Italy coach Cesare Prandelli has finally released his 23 man squad for the upcoming World Cup in Brazil. However, his decision to omit Fiorentina star, Giuseppe Rossi, has come into heavy scrutiny.
After being forced to drop Riccardo Montolivo due to injury in their friendly game against Ireland, Prandelli finalised the team, and the exclusion of strikers Giuseppe Rossi and Mattia Destro was a surprise to the footballing world. However, the exclusion is easy to judge as incorrect, in particular in Rossi’s sake, but when you look at the facts, Rossi and Destro’s sacrifices may have been necessary for the balance of the team.
Looking at the season just passed, both strikers had impressive numbers next to their names, 16 goals in 22 games for Fiorentina’s front man, and 13 in 18 games for Destro, both however, were also affected by long term injuries. Pepito’s injury however, kept him out of the season until the last few weeks of the Serie A campaign, taking him into the World Cup preparation in questionable shape, and here is where the dilemma begins to unfold. Italian media reports were touching upon Rossi’s situation, and whilst they highlighted his positive improvement in his physical state, they commented heavily also on his psychological fragility, stating his trepidation in getting too physical against his team mates in training. This behaviour was noticeable also in Italy’s friendly match with Ireland, with the Viola striker playing a very quiet 71 minutes of the game, rarely getting too involved.
Despite this, he was still in the running for a spot on the final 23 man squad, up until Montolivo’s injury. The AC Milan midfielder’s leg injury forced him out of the World Cup finals, and it created a chain reaction of exclusions. Despite AC Milan having a sub par season, Montolivo has always been a favourite of Prandelli, and a big part of the national squad, so losing such an important element of his midfield, Prandelli really had to evaluate his remaining players. With Aquilani also picking up a knock, the Italian coach could no longer hide behind Rossi’s potential, and face the fact that he would risk bringing an unprepared player to Brazil.
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Despite being an incredibly skillful player, if something were to happen to him in Rio, the Azzurri would suffer as a whole. Destro on the other hand, was fit, in condition to play, and was in scintillating form prior to his three match ban, which also saw him being dropped by Prandelli for the friendly against Spain as part of his Code of Ethics for the national team. However, with Rossi and Destro dropped, it was evident that Prandelli considered the Roma striker as Rossi’s substitute, and without Rossi, then Destro was no longer needed.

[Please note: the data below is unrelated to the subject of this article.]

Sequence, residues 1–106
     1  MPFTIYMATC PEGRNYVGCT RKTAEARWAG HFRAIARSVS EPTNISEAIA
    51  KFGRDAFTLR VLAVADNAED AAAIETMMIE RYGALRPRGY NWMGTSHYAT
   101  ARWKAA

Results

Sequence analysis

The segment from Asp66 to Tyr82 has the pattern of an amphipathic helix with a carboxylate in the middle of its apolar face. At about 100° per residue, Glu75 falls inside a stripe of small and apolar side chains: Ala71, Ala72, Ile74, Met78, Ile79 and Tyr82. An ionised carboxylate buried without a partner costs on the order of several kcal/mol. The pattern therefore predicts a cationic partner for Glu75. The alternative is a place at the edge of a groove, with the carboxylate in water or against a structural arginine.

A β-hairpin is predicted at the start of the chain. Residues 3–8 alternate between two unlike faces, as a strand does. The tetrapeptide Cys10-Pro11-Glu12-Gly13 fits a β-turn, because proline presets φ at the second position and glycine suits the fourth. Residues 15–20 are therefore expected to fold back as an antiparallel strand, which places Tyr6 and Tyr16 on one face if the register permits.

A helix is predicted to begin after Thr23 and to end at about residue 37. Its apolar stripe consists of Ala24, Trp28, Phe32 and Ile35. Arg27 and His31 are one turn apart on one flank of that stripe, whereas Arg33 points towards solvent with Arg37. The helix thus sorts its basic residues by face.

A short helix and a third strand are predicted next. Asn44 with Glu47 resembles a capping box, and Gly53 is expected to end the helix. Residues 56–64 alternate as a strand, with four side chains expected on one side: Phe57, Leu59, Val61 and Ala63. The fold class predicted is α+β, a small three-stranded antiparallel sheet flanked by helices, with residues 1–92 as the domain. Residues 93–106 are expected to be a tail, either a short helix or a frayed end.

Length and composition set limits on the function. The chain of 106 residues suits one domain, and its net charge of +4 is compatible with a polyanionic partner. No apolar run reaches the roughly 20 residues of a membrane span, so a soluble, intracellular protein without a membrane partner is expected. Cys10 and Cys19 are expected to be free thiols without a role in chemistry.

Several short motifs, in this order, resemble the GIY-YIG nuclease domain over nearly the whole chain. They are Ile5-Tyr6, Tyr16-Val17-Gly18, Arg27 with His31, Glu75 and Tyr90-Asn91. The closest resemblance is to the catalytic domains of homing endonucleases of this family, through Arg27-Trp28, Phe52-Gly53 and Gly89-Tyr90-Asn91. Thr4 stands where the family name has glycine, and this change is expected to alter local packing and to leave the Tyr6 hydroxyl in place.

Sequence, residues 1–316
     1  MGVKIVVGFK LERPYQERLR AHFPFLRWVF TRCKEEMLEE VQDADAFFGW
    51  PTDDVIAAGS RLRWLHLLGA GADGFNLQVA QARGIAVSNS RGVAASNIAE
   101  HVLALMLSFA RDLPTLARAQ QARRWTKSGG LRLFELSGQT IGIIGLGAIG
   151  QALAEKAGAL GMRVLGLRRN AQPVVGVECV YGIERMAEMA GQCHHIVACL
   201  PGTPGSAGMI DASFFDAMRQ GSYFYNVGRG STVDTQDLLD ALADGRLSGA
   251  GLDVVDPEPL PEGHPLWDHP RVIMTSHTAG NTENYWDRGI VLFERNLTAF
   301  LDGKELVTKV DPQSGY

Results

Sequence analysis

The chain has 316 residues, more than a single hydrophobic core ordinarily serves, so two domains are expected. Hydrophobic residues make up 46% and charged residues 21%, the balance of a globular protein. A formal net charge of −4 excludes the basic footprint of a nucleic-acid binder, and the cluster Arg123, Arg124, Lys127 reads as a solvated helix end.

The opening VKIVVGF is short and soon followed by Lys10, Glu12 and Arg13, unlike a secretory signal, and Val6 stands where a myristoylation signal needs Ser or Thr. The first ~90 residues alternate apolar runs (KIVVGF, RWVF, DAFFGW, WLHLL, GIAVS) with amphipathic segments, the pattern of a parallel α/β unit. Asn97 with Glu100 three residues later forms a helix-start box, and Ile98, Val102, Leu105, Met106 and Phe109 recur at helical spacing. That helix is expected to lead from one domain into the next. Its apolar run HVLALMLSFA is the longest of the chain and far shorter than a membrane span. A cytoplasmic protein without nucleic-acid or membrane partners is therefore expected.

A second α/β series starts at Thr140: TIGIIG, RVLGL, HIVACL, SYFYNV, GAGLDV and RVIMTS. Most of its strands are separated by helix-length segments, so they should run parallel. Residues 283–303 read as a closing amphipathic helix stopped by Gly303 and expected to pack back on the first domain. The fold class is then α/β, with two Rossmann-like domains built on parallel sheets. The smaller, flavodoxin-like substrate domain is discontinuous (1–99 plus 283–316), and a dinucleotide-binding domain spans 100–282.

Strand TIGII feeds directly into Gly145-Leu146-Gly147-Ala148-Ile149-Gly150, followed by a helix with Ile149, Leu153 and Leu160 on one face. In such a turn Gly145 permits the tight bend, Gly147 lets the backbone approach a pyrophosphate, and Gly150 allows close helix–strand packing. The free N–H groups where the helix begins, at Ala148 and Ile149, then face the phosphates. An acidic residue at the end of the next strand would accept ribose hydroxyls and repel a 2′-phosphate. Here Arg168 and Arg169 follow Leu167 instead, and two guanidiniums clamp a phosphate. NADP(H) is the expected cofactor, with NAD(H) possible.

With the other attackers left on the team, Prandelli has a wide array of playing styles, and all of them fit enough to compete. Cassano being an old fashioned Seconda Punta, that is, secondary striker, he is going to be useful when it comes to linking the midfield to the forwards. Insigne, who, though very talented, was a surprise inclusion considering his scarce appearances in the Serie A. He too plays as a withdrawn forward, and is likely to act as Cassano’s understudy. Alessio Cerci, has had a stellar season with Torino, but is no box striker as he plays his best from the right of a three prong attack, being able to cut in and shoot with his left.
The last two spots left for the Italian forwards were assigned to Ciro Immobile, and Mario Balotelli. The latter is a pupil of Prandelli, and even though highly inconsistent and prone to causing controversy, was one of Italy’s top performers in the Euro 2012 competition. The former instead is a surprise, not for his inclusion in the squad, but rather for his extraordinary season. Playing alongside Cerci in the Turin based side, Ciro Immobile was the leagues top scorer and has earned his spot despite the lack of International experience. Ciro Immobile was also voted as the Serie A Player of the Season by Outside of the Boot’s readers at the End of Season Awards.
Both Balotelli and Immobile play comfortably within the 12 yard box, but are not limited to it, giving Prandelli a certain depth in characteristics for his strikers. In light of this, the Italian Coach’s only option was to send Rossi and Destro home, as without Montolivo, Prandelli seems to want to be able to field players who are able to add a level of creativity starting deeper down the field.
If Montolivo’s injury had not taken place, then we might have seen a few changes in the final selection for the 2006 World Cup winners. Unfortunately, Italy misses out on two great strikers, and one can’t help but hope that Balotelli’s temper or Insigne’s inexperience does not prove costly for the Italian side as they try to rebuild the reputation of the Azzurri after their group stage knockout in South Africa in 2010.